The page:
Saturday, July 10, 2010

Inflation is Coming!!!

One of the column and blog ideas I had posted more than a month ago was a quick and dirty way to measure inflation.

The idea is quite simple: I have been handling the food&beverages purchases of our family business for a month now and have this Excel sheet full of prices on thousands of items bought, with the quantity, pricing and supplier info. as well.

While I am not sure whether I will have the time to do a monthly food inflation at the end of July, as I hope to (the procedure is quite straightforward, but rather time-consuming), I am also informally following price rises. And the early signs from July don't look all that promising. Had I come up with a number, I am sure than it would have been higher than the expected figure for this month of the year, which I present, along with the headline figure, for your viewing pleasure:
Now, before you start dumping your Treasuries, there are important disclaimers you need to read: For one thing, since I don't have a time series, but merely one month of data, there might be some seasonality effect going on. For example, there is anecdotal evidence that suppliers serving to hotels pump up prices in the high-season months of July and August. If I had been doing this data collection for a couple of years, I could have easily corrected for that.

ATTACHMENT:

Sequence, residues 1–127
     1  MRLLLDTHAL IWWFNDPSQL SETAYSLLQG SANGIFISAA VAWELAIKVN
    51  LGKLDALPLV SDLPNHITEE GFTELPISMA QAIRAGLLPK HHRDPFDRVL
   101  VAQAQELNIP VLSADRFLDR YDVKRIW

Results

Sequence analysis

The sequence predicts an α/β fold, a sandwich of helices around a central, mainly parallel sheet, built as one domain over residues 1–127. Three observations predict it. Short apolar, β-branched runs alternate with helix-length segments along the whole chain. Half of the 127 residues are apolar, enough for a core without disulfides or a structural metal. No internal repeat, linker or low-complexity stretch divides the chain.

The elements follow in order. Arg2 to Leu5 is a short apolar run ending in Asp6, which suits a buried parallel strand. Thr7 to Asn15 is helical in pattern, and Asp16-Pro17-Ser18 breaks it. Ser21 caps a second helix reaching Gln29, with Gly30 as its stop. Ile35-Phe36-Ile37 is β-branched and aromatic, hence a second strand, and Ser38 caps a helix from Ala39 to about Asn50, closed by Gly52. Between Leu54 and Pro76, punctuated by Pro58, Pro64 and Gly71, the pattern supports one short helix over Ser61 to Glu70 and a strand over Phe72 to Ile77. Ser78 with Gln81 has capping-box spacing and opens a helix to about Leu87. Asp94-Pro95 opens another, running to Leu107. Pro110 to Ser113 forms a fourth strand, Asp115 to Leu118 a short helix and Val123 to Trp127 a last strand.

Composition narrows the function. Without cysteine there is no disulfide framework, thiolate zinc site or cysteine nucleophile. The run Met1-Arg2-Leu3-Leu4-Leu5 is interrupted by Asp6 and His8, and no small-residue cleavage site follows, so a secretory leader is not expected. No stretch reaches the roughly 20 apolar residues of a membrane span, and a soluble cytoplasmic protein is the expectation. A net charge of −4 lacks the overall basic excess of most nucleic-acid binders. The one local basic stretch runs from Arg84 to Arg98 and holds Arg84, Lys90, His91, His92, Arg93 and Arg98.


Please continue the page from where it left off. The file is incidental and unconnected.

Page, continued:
You might be also worried that my purchasing power will be stronger than the average consumer, so it will underestimate inflation. This wouldn't be a big problem as long as my purchasing power were constant through time, but as I explained in the previous paragraph, it might have actually decreased.

But if I am right, it seems I have sketched out, along with my earlier comment on Treasuries, a neat boond strategy for end-July and early-August:Wait for the CBT Inflation Report on July 27, where the Bank is expected to clarify its late hold-for-longer stance and even revise down its inflation forecasts. Sell on the ensuing rally and then wait for the worse-than-expected July print to buy again. Very simple, no complex hedging and the like here- let's wait and see what happens. Note also that the Treasury is facing TRY 20bn redemptions in August, but there are no auctions until the 10th of the month and it will all be over in a week.

BTW, there are also other interesting facts about this data: For one thing, everyone knows that food inflation is infamously volatile, not only in Turkey, but also in almost everywhere else, but I am surprised by the intra-monthly volatility. Obviously, since we are not making purchases of much else, I can not comment on whether, say, table tennis balls, are more volatile- but then again, for the average Turkish consumer, food matters much more than table tennis balls...

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